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Paper 3 Title: A STUDY ON THE EFFECT OF MUSIC THERAPY ON THE PAIN PERCEPTION DURING THE LATENT STAGE OF LABOR Bhuvaneswari Ramesh, Tutor, CMTER Sumathy Sundar, Director, CMTER, Sunita Samal, Professor, Department of Obstetrics and Gynecology ABSTRACT During labor, women experience a high level of pain intensity. Although pain is an integral part of labor if it exceeds a womanâ&#x20AC;&#x2DC;s pain tolerance, it may have adverse physiological and psychological consequences both on the woman and her foetus and may inhibit/slow down labor progress. Aims and objectives The aims and objectives of this study are to observe and study the effects of music therapy on pain perception during the latent stage of labor, to compare the baseline difference of the pre-test pain scores of the music and non-music group utilizing two pain scales (VAS-visual analogue scale and BRS- Behavioural Rating Scale), to compare the difference on the post-test pain scores of the music and non-music group. Hypothesis There is significant pain relief in the latent stage of labor with music therapy intervention. Methodology 60 primigravida pregnant women were assigned randomly to control and music therapy group. The pregnant women in the control group were given conventional routine care. The pain scores and behaviour rating scores were recorded pre-and post for both the groups. The statistical analysis was done with the non-parametric statistical MannWhitney and Wilcoxon tests for the pain scores and T-Test for BRS. Result: The study showed significant increase in the pain scores with the control group who did not receive any music therapy intervention while the increase in pain scores were not significant in the music therapy group. There was significant reduction in the behaviour rating scores of the pregnant women in the music therapy group as compared to control group.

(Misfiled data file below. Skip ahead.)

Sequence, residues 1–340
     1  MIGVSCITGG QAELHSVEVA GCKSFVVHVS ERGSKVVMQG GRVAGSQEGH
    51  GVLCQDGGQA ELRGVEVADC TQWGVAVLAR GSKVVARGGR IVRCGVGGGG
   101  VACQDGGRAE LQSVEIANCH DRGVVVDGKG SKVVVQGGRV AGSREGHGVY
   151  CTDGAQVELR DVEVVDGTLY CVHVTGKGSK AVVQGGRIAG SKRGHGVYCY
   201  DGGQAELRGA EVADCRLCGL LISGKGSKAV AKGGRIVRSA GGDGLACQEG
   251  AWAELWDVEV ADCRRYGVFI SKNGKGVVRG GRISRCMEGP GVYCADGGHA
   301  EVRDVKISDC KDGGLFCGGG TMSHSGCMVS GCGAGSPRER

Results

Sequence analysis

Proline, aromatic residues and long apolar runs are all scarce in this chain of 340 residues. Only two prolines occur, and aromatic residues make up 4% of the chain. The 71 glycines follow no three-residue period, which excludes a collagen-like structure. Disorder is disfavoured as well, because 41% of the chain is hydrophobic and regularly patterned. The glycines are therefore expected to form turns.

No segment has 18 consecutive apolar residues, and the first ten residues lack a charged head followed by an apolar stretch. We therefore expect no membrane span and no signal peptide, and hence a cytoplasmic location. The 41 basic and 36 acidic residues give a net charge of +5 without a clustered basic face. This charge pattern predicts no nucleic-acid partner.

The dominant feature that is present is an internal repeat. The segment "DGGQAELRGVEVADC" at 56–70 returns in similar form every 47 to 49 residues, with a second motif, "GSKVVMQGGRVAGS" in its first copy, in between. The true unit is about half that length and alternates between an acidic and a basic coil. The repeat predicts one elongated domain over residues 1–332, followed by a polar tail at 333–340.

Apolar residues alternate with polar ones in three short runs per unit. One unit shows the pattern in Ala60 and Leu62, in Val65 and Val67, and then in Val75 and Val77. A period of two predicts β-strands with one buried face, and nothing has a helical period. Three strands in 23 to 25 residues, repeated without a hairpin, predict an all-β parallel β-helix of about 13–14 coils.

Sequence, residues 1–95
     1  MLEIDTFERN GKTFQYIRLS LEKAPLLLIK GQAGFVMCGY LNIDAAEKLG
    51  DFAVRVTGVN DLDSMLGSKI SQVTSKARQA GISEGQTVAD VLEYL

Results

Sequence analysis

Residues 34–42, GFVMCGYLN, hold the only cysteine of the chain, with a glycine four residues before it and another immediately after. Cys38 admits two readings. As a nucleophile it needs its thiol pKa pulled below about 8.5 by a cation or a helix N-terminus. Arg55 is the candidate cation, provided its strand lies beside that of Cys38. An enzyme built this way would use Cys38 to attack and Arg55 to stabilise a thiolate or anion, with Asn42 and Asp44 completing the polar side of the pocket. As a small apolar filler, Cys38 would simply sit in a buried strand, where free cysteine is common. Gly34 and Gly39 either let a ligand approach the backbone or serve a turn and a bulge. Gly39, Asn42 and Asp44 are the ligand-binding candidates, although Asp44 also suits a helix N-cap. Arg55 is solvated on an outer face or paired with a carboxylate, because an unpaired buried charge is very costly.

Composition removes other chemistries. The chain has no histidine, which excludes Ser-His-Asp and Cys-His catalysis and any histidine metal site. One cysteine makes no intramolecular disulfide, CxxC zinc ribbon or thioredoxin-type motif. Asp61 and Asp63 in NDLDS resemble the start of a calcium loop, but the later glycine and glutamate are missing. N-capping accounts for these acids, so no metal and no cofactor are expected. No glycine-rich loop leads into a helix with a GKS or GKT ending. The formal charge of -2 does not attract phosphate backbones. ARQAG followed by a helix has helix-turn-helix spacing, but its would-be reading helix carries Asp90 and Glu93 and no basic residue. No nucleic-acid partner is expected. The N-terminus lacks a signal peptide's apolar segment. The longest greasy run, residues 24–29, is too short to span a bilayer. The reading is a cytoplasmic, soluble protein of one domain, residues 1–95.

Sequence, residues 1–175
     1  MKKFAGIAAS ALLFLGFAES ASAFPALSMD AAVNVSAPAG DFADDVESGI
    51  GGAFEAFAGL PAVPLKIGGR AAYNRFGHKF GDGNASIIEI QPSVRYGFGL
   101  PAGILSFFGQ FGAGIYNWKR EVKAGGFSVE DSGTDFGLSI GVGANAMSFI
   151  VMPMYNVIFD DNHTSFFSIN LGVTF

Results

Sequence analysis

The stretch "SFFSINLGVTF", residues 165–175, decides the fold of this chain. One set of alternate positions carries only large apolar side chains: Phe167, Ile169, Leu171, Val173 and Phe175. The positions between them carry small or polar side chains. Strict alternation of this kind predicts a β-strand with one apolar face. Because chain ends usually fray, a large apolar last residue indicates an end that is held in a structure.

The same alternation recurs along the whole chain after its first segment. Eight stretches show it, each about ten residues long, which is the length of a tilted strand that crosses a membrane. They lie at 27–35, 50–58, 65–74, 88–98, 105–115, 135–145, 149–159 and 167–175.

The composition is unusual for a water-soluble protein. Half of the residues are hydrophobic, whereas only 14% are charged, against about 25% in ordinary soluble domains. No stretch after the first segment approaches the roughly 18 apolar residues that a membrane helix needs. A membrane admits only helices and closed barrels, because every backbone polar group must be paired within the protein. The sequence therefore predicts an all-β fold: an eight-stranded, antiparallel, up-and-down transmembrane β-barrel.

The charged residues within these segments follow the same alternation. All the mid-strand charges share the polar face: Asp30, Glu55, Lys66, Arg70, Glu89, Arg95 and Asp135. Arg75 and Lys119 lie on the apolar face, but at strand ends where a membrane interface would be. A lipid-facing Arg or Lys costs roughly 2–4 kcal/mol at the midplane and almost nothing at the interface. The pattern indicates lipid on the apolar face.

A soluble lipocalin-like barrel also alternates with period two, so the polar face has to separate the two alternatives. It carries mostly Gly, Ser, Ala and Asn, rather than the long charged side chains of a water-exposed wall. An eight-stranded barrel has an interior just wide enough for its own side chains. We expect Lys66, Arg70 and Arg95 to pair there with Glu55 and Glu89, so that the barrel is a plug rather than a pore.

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Conclusion Music therapy can be used during labor pain in the first stage. The ability to cope with the pain was indicated with the reduction of the behavioural rating scores of facial gestures, restlessness, vocalisation in the music therapy group. Key words: Labor, latent stage, music, music therapy, labor pain, pain perception, VAS, BRS. Paper 4 Title: Effect of live music therapy on psychophysiological parameters of hemodialysis patients: A randomized controlled trial Kala Varadan, Tutor,CMTER, SBV Dr. Sumathy Sundar, Director, CMTER Dr. Hemachandar, Associate Professor, Department of Nephrology, MGMCRIT Abstract: Often times hemodialysis patients experience high levels of stress and anxiety and find it difficult to cope with the treatment process. This study evaluated the effects of live music therapy on the psychophysiological parameters of hemodialysis patients and observed reduction in blood pressure, respiratory rate, heart rate and also anxiety levels. Description: The aim of the study was to observe effects of live music therapy on systolic blood pressure (SBP) and diastolic blood pressure (DBP), heart rate (HR), respiratory rate(RR) and state anxiety (SA) in hemodialysis patients. 42 hemodialysis patients were randomly divided into 2 groups of 21 each in experimental and control group. Patients in music group listened to live Veena instrumental music for 30 minutes twice a week for 2 months in 16 sessions while the control group just received standard care. SBP, DBP, HR, RR and SA were recorded before and after the music therapy interventions. State Anxiety levels were recorded using the numerical rating scale pre and post music therapy sessions. Paired t tests revealed that there was a significant reduction in systolic blood pressure, heart rate and respiratory rate in the music group before and after the live instrumental (Veena) music therapy intervention. Between the groups, independent t tests revealed that the music group had a significant reduction in respiratory rate compared to the control group not receiving music. To conclude, listening to live instrumental (Veena) music may reduce blood pressure, bring down heart rate and also improve breathing. More studies are needed to confirm these findings.

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4th international conference proceedings - CMTER